Jam Making Rules

As strawberry season begins here in Malta, it feels like the start of summer jam making season too. And although I firmly believe Wexford strawberries are the best, Malta does pretty lovely ones as well. Every year I say I’m going to make jam just like my mother did and as my father still does. And every year I end up not making jam the old fashioned way but my quick trick way with chai seeds. Although its lovely its not traditional jam making. So I decided I would have a good think about it this year and check out my mothers old recipes, hints and tips. According to her cookery notes, a well made jam should, set properly, have a good colour, be clear (if its a jelly jam), have good balance of flavour and keep well. My father makes jam every year and it lasts for 2 years maybe more depending on the jam. Imagine the money you could save! I came across these “rules” for making jam in her old Cookery Notes book, issued by the Department of Agriculture & Fisheries costing 1 shelling back in the day. So thought I’d share them for anyone thinking about making jam as well as some other notes I have.

They key part of jam making is of course the “Pectin” which enables the setting of the jam. Its a gum-like substance usually found in the coarse part of the fruit such as the skin, pips and core. The acid in fruit draws out the pectin when cooking. However if you have fruit low in pectin or acid such as strawberries, you will need to add the pectin and acid. Fruits high in pectin and acid such citrus fruit, apples, gooseberries and plums shouldn’t need anything added.

General rules of jam makingPrep, Fruit & cooking

  • Choose firm, ripe or slightly under-ripe fruit as over-ripe fruit contains less pectin and will not set correctly.
  • Check if your fruit is in the high or low pectin category of fruit or if you will need to add pectin & acid. Here is a quick table
Pectin Rich FruitFruit With Medium Pectin Low Pectin
Crab apples, cooking apples, black & red currants, damsons, gooseberries, citrus fruit, plumsApricots, blackberries, loganberries, raspberries, Pears, ripe cherries, strawberries, blueberries, peaches
Pectin & acid rating for some fruits popular in jam making.
  • Prepare your fruit correctly.
Hard skinned& citrus fruitBerries, soft & stoned fruitApples & PearsPeaches & Apricots
Washed, dried, chopped/ sliced. Juiced and piped for marmaladeStalks removed, washed in a colander, stones removedPeeled, cored, sliced or quarteredPeeled, halved, stoned removed. stone kernels may be added to give flavour to the jam.
Quick prep table for fruits in jam making
  • A wide shallow preserving pan is best to ensure proper evaporation and boiling. Pans can be greased lightly to prevent the jam from sticking.
  • The pan should never be more than half full to allow the jam to boil vigorously and avoid undue evaporation.
  • Simmer before sugar! As sugar has a hardening effect, the general rule is to allow the fruit to gently simmer until tender before adding to ensure the fruit is cooked thoroughly. The sugar should be added slowly and allowed to dissolve over a low heat. Once its all dissolved then the mixture is returned to a rapid boil. Ideally warming the sugar before adding. If you do not follow this step, then you risk the sugar crystalizing in the jam.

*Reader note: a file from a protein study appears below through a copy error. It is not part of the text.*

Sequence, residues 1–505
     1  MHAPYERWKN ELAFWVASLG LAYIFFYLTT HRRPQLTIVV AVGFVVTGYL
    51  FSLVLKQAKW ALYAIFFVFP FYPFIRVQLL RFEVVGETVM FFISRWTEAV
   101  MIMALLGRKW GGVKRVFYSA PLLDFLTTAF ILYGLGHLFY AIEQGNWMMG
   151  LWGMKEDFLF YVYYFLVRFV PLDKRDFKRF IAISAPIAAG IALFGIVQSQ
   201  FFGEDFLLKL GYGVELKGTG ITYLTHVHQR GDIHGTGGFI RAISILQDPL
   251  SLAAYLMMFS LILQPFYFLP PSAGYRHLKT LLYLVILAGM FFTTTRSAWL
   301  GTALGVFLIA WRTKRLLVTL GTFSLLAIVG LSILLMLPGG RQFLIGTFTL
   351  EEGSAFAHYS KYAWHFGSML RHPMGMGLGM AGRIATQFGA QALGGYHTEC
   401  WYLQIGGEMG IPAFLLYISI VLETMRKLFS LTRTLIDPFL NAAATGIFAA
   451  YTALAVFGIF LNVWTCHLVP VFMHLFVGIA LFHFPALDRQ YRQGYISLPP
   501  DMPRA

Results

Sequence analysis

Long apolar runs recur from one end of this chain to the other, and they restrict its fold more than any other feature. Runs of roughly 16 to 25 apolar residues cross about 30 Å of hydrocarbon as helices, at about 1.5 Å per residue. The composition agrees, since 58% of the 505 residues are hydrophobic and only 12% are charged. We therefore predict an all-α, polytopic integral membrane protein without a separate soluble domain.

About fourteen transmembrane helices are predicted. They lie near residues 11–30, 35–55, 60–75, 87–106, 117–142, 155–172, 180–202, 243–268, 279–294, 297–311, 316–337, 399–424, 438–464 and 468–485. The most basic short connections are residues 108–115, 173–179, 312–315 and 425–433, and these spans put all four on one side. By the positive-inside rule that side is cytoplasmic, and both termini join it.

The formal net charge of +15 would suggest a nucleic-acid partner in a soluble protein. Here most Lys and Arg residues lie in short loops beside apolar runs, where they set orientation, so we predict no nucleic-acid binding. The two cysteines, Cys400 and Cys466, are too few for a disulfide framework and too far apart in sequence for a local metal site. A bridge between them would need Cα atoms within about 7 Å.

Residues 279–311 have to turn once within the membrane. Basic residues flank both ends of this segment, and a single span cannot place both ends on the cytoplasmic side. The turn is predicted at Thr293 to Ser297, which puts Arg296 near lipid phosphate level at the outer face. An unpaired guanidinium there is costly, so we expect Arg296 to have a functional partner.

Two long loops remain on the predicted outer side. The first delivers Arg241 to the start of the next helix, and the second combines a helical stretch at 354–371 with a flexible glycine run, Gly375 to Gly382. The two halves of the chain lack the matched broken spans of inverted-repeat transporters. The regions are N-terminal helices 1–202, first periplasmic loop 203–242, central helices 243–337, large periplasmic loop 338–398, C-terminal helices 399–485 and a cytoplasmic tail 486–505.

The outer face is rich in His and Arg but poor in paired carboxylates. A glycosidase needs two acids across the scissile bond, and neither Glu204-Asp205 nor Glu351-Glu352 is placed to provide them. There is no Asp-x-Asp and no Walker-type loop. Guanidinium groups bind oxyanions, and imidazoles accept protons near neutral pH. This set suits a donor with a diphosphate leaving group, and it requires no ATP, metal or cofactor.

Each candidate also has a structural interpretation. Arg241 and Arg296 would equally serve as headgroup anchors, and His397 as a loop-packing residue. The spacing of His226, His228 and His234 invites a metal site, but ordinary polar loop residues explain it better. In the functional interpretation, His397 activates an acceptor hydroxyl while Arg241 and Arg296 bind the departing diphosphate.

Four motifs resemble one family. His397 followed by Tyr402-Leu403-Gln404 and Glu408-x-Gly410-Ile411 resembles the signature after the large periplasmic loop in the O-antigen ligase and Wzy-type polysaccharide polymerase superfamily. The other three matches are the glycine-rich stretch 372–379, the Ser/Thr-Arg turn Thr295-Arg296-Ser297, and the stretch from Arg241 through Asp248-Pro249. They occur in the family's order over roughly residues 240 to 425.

• Good quality ideally jam sugar will reduce the amount of “scum” rising on the fruit. So use a good sugar. White granulated sugar dissolves quickly. The amount of sugar you will need wil also depend on the fruit and its acid content. So it is usual to allow about 1lb of sugar for each 1lb of fruit. Smaller amounts are used for fruits such as strawberries due to to the low pectin ratio. Higher amounts will be used for things like gooseberries and high pectin fruits. So sticking to a recipe is good when you are starting out. Too much and you can risk crystallization and too little will impair the longevity of your jam.

  • Have some glycerine to hand, as a teaspoon of it will reduce the amount of “scum” when added to boiling jam.
  • Do not remove the scum until the jam is nearly cooked. It is wasteful to skim too much. There is also no need to stir continuously.


  • Test jam in good time to avoid it overcooking and loosing its flavour as well as darkening in colour. If it is under-boiled it will not set in addition to having a much shorter shelf life. Testing can be done in various ways as follows:
    1. Put two teaspoonful’s of jam on a cold plate. leave for 2 minutes. If the surface of skin crinkles when touched, the jam has reached setting point. When testing this way, make sure to lower the heat on your pan until the test is complete. (my mum used this method)
    2. Dip a clean wooden spoon in the jam & lift out. Allow the jam on the spoon to cool. Tilt the spoon and if the jam has reached setting point it will fall off in flakes.
    3. Use a sugar thermometer; at 220°F the jam will have reached setting point. To check its reading correctly, when placed in boiling water it should register 212°F
  • Jam jars should be spotlessly clean, washed in warm soapy water, dried in the oven and warm for potting
  • When the jam is set, remove any scum. Give it a last stir & pot immediately, filling the jars to the top, allowing for shrinkage when cooling. When filling the jam, put a clean metal or silver spoon in the jar to prevent the glass breaking.
  • Cover straight away with a wax disk, some cellophane and your jar lid.
  • Wipe with a damp warm cloth before labelling and dating your jar.
  • Store in a cool, dark well ventilated cupboard or pantry.

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